II: God’s Judgment On Nineveh Predicted

(Nahum 1:15-2:10)


I.               Introduction

A.    Nineveh of Assyria had repented under Jonah’s preaching over one hundred years before Nahum was written, but their devotion to God had not been transmitted to their children, so the people of Nineveh had reverted back their past sins. (Ryrie Study Bible, KJV, 1978, “Introduction to the Book of Nahum: Theme,” p. 1292)

B.    Meanwhile, the Assyrians had destroyed Samaria of the Northern Kingdom in 722 B. C. and nearly captured Jerusalem in Hezekiah’s day in 701 B. C., so Assyria and its capitol of Nineveh were ripe for divine judgment.

C.    God’s judgment on Nineveh is foretold in Nahum 1:15-2:10, so we view this passage for our application:

II.            God’s Judgment On Nineveh Predicted, Nahum 1:15-2:10.

A.    Though Assyria had long been a dreaded enemy for the people of the Southern Kingdom of Judah, God’s prophet Nahum predicted that one day Judah’s people would hear the good news from a messenger who brought the report that Nineveh had fallen, what would be news of peace for Judah, Nahum 1:15a. 

B.    The people of Judah were thus to keep their feasts to the Lord and fulfill their vows made to Him in apparent request for God’s deliverance from Assyria, for Judah would never have the worthless Assyrian pass through her again because Assyria would be utterly destroyed, Nahum 1:15b.  “Many cities of the ancient Near East were rebuilt after being destroyed . . . but not Nineveh,” Bible Know. Com., O. T., p. 1495.

C.    Nahum 2:1-2 explained that God would call the people of Nineveh to prepare for an attack, for the Lord was going to restore the majesty of Israel following Assyria’s plundering of her and ruining her country.

D.    The Assyrians had red-colored shields created by “painting them or overlaying them with copper (Ezek. 23:14); their tunics were scarlet; their chariots flashed with steel (with flaming torches) because they attached scythes at right angles to the axles; they also used fir trees (cypress spears),” Ibid., Ryrie, ftn. to Nahum 2:3.

E.     During the attack, the chariots would race wildly through the streets and the officers would stumble as they went hastening to the wall and preparing the siege tower for battle, Nahum 2:4-5.

F.     Nahum 2:6 ESV predicted that the river gates would be opened, and the palace would melt away, and secular historians validate this: “Diodorus wrote that in the third year of the siege heavy rains caused a nearby river to flood part of the city and break part of the walls (Bibliotheca Historica 2. 26. 9: 2. 27. 13) . . .(T)he Kosr River, entering the city from the northwest at the Ninlil Gate and running through the city in a southwesterly direction, may have flooded because of heavy rains, or the enemy may have destroyed its sluice gate.” (Ibid., Bible Know. Com., O. T.)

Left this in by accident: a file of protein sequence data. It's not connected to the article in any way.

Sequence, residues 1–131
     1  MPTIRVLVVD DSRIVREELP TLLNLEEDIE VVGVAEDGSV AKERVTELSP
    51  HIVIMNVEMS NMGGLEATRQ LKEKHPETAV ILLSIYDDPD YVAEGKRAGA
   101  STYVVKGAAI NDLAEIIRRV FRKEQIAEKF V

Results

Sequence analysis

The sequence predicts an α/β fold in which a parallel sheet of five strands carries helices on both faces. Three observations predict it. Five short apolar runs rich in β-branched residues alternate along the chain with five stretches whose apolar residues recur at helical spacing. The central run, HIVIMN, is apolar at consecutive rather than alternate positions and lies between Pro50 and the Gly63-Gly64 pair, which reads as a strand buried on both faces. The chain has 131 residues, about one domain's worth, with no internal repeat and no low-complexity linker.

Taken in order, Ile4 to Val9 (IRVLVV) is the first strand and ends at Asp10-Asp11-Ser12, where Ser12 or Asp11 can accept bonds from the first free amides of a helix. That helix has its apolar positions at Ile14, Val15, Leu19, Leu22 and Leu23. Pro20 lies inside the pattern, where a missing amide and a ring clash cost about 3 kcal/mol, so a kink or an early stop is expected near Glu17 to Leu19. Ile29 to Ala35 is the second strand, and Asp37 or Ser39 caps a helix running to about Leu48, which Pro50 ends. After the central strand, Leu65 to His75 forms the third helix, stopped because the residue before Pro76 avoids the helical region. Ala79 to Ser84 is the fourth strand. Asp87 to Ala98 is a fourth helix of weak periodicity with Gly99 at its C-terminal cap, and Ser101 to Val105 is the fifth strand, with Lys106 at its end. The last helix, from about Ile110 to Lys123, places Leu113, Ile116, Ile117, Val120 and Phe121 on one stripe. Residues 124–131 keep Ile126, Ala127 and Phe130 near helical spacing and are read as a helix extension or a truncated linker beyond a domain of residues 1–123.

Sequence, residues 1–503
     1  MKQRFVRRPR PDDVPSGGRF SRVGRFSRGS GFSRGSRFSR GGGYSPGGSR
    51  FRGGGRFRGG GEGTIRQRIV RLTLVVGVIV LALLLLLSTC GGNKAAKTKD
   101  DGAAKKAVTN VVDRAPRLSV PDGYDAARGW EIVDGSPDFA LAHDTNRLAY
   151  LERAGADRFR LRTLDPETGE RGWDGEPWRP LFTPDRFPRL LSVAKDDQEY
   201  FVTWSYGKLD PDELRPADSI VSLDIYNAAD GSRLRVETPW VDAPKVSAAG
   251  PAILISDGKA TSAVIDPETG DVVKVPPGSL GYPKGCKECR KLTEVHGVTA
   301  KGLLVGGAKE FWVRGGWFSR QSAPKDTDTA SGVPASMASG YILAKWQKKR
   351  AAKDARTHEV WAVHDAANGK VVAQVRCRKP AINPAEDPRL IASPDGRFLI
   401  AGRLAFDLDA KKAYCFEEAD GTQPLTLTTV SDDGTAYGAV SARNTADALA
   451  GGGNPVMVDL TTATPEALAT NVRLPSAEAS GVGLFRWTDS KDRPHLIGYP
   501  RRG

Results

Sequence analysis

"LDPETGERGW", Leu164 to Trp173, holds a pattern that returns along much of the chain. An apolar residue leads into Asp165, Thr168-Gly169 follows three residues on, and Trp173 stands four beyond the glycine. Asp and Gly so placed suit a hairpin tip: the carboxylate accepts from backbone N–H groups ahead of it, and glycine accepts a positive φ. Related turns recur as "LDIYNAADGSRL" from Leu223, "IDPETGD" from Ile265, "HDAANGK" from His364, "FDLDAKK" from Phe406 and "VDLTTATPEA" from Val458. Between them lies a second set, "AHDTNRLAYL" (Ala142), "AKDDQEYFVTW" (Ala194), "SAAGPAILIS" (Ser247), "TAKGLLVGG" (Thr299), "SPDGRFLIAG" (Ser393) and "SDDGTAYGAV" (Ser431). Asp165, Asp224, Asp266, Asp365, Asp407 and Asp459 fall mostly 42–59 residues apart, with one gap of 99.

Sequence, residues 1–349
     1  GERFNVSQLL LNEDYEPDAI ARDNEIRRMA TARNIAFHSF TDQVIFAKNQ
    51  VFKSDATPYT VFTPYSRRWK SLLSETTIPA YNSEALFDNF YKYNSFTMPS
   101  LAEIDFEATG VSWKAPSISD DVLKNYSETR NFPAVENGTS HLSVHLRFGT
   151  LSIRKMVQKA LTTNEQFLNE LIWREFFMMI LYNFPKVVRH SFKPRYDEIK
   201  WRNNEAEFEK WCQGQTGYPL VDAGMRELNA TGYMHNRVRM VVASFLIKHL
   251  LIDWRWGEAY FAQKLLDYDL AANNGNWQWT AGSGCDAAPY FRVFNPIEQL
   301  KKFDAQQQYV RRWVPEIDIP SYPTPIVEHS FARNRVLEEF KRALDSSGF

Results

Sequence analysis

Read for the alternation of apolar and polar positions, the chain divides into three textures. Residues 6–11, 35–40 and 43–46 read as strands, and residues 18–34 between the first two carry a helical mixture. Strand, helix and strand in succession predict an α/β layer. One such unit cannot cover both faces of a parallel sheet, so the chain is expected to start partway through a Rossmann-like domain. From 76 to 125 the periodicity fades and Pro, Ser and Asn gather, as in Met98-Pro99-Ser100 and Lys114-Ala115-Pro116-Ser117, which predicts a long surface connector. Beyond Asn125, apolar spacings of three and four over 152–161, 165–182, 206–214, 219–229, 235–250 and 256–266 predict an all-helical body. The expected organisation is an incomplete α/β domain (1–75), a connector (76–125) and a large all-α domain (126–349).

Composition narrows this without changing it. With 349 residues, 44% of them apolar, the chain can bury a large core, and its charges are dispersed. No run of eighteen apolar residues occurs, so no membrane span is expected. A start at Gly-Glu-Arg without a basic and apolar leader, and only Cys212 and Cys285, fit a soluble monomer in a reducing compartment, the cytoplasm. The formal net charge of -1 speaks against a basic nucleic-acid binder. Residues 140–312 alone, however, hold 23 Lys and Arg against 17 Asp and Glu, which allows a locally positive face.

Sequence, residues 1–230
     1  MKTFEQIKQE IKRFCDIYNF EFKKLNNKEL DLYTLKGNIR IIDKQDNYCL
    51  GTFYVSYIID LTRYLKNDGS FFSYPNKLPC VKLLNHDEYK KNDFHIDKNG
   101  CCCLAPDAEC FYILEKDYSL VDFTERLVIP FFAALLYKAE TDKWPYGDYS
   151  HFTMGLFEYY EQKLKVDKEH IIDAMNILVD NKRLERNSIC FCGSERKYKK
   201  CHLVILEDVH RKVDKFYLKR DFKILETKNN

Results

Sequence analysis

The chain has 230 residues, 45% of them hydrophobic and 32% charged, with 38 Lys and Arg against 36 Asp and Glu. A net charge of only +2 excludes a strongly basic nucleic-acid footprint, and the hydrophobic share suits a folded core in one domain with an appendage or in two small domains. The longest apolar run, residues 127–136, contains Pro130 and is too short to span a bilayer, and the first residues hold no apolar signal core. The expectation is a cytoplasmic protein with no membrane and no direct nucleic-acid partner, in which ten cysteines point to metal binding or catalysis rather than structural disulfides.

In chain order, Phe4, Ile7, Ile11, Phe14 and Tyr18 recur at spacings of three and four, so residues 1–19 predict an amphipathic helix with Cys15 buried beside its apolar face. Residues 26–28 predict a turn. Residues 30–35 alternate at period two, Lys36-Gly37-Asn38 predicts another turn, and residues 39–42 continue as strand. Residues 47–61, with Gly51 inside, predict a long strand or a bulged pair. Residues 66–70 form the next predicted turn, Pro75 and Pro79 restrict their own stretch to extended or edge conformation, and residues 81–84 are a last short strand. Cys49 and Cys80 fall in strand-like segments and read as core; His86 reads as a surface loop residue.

G.    Nineveh is personified as a mistress stripped of her valuables and carried off in captivity, her slave girls lamenting like mourning doves and beating their breasts in grief, Nahum 2:7.

H.    The city is also likened to a pool whose waters run away, Nahum 2:8a.  When invaded, the people of Nineveh would try to flee as predicted in Nahum 2:8b, but many would be captured. 

I.       Nahum 2:9 predicted how the invaders would plunder Nineveh’s silver and gold and vast treasure of other valuables that she had taken from other nations.  “According to the Babylonian Chronicle, ‘Great quantities of spoil from the city, beyond counting, they carried off.  The city [they turned] into a mound and ruin heap.’” (Luckenbill, Ancient Records of Assyria and Babylonia, 2:420, as cited in Ibid., B. K. C., O. T.)

J.      Nahum then told of the desolation, fear and anguish the people of Nineveh would face in this destruction of their city, Nahum 2:10. “Archaeological excavations at Nineveh have revealed charred wood, charcoal, and ashes” with “a layer of ash about two inches thick” lying “clearly defined in places on the southeast side” of the temple at Nineveh. (Ibid., citing R. Campbell Thompson and R. W. Hutchinson, A Century of Exploration at Nineveh, 1929, pp. 45, 77) This record supports the Biblical record of the great destruction of Nineveh.


Lesson: As archaeological evidence and secular historical records testify, Nahum’s prediction about the fall and destruction of the once-dreaded Assyrian capital of Nineveh was not only true, but very devastating to its people.


Application: (1) Though God’s punishment may be long in coming as it was for Nineveh, a city God once evangelized through Jonah, persistent rebellion against the Lord is eventually severely punished, so we must revere the Lord and depart from sin.  (2) Since God in the Noahic Covenant ordered all nations not to murder (Genesis 9:5-6), and the Assyrians greatly violated that law, God’s severe judgment of the Assyrians for that sin should cause us to depart from all forms of murder, be it abortion on demand or even hatred according to 1 John 3:15.